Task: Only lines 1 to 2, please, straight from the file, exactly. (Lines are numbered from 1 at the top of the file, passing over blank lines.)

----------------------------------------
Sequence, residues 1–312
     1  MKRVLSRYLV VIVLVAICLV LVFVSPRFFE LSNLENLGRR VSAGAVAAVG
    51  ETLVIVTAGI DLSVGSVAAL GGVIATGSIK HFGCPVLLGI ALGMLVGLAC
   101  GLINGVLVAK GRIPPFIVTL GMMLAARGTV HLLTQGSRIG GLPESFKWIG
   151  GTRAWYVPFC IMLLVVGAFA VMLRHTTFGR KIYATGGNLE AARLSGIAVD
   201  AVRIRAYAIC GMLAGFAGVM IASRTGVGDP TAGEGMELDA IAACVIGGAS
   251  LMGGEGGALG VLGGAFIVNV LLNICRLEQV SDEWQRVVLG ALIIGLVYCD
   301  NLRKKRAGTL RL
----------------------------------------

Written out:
Sequence, residues 1–312
     1  MKRVLSRYLV VIVLVAICLV LVFVSPRFFE LSNLENLGRR VSAGAVAAVG